Rachel Blau DuPlessis
Selections from reviews of
The Pink Guitar: Writing as Feminist Practice


What is particularly powerful about The Pink Guitar is the way its readings of prior texts are simultaneously a form of critical intervention and poetic evocation. [...] In her writing, DuPlessis allows herself as much critical and emotional range as possible--of didactic statement, poetic evocation, theoretical pronouncements, emotional equivocation, polished writing, and flattened speech.  [...] The supreme quality of The Pink Guitar is how insightfully and thoroughly DuPlessis understands the ways that gender relations are embedded within signifying practices--and how a feminist writing practice must disrupt these practices on multiple levels, in multiple ways. The Pink Guitar establishes a powerful feminist writing practice not because of DuPlessis’s refusal of authority, transcendence, and singularity, but because of the ways she redeploys these.”  (pp. 322 and 324) Jeanne Heuving, in Contemporary Literature XXXVII, 2 (1996): 315-332.

“Postmodern criticism is marked most of all by ‘self-reflexivity’, by the interweaving of autobiography and theory. Rachel Blau DuPlessis is a spectacular exponent of this postmodern technique. In her essays DuPlessis makes daring combinations of her poetry and extracts from her daily diary together with literary criticism, history and psychoanalysis.” (p. 162) Maggie Humm, A Reader’s Guide to Contemporary Feminist Criticism. Brighton: Harvester, 1994.

“With the dazzling, sometimes breathtaking The Pink Guitar, Rachel Blau DuPlessis has produced one of the boldest, most enlightening, innovative, challenging, and knowledgeable works of feminist theory to grace the last couple of decades....” (p. 385) Martha Nell Smith, Tulsa Studies in Women’s Literature 13, 2 (Fall 1994): 385-388.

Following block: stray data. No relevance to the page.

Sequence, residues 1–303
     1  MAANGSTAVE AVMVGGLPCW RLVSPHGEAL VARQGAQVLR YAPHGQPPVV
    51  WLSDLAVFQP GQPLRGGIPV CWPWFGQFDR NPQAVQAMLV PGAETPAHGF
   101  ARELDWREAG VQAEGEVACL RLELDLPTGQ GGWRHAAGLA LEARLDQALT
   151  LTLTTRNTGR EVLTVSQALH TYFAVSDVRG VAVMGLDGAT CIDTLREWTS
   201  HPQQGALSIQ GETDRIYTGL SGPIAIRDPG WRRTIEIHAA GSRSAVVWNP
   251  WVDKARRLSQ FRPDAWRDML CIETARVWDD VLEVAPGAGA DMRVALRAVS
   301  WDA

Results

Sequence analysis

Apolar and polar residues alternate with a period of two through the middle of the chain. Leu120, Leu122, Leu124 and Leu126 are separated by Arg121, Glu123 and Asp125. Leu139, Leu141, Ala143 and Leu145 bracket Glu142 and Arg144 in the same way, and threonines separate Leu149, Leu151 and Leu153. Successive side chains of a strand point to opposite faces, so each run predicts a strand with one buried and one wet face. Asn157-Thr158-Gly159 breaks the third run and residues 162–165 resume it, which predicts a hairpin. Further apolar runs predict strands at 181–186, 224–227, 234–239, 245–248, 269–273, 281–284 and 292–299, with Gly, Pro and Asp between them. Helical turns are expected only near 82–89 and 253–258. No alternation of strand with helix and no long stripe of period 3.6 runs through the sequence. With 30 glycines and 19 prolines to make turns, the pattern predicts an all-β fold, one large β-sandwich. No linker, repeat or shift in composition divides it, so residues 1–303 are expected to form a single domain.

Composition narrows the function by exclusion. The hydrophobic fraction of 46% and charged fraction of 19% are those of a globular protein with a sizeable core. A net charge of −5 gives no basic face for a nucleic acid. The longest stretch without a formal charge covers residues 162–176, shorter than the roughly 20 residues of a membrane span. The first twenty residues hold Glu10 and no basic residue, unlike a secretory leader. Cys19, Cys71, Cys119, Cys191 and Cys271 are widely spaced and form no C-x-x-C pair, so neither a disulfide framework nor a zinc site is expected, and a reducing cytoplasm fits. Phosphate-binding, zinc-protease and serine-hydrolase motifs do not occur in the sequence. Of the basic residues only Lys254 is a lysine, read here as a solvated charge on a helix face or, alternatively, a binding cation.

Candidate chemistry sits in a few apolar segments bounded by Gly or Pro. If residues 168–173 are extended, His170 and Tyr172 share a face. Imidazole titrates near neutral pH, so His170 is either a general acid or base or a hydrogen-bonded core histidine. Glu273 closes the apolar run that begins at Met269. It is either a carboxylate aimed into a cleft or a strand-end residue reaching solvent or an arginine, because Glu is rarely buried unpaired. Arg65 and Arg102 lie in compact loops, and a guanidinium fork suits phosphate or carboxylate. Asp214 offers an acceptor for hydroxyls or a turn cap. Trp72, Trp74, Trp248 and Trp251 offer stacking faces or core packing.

“This is one of the most pleasurable works of criticism I have read for years. These essays fuse disparate voices, colloquial, theoretical, autobiographical. They intercut DuPlessis’ own words with those of other writers and poets. They draw together aspects of being usually sundered in criticism, without imposing systems or closure.” [...] Poetry, fiction, works of art, criticism, theory all appear as different kinds of attempts to make and unmake meanings [in The Pink Guitar]. Rachel Blau DuPlessis’ book continually asks rather than answers questions, hazards provisional phrasings which she continually reworks. She draws on a wide range of current theory, and is, in her own way, a rigorous thinker, but she is concerned with practice, hers and other’s.” (pp. 171 and 170) Helen Carr, in New Formations 20 (Summer 1993): 167-172.

“In a highly polysemic and mobile style [DuPlessis] then attempts to actualize through readings of various poets, the relation between female writers, feminist theory and modernism. In ‘Otherhow,’ the title of one of her most interesting pieces, she addresses the ‘terrible inadmissible congruence of gender and poetry,’ by which she alludes to the male-gendered ‘poetic voice’ or ‘genius’ while seeking ‘another kind of textual space through which and one to which a plethora of “polygynous” practices teem’ as a plausible female practice of poetry.” (p. 31) “It is salutary that writers and critics such as Rita Felski, Rachel Blau DuPlessis and Nicole Brossard, for all their basic differences, are all operative in developing forms of writing that are wide and sophisticated enough to question the assumptions of deconstruction at its breaking-point with feminism, hence in developing a practice and critique utilizing arguments from both movements while remaining resolutely at their vanguard.” (p. 37) Caroline Bergvall, in fragmente 5 (1993): 30-38.

The Pink Guitar is the freshest and most stimulating collection of critical writing that I’ve read in the last couple of years. ...This is deft improvisation--a dance between the categories and tropes of the poetic and the critical much in the manner that Lennie Tristano reinterpreted the jazz tradition in his work.” (p. 9) Joel Lewis, in The Poetry Project Newsletter #141 (1991): 8-9.


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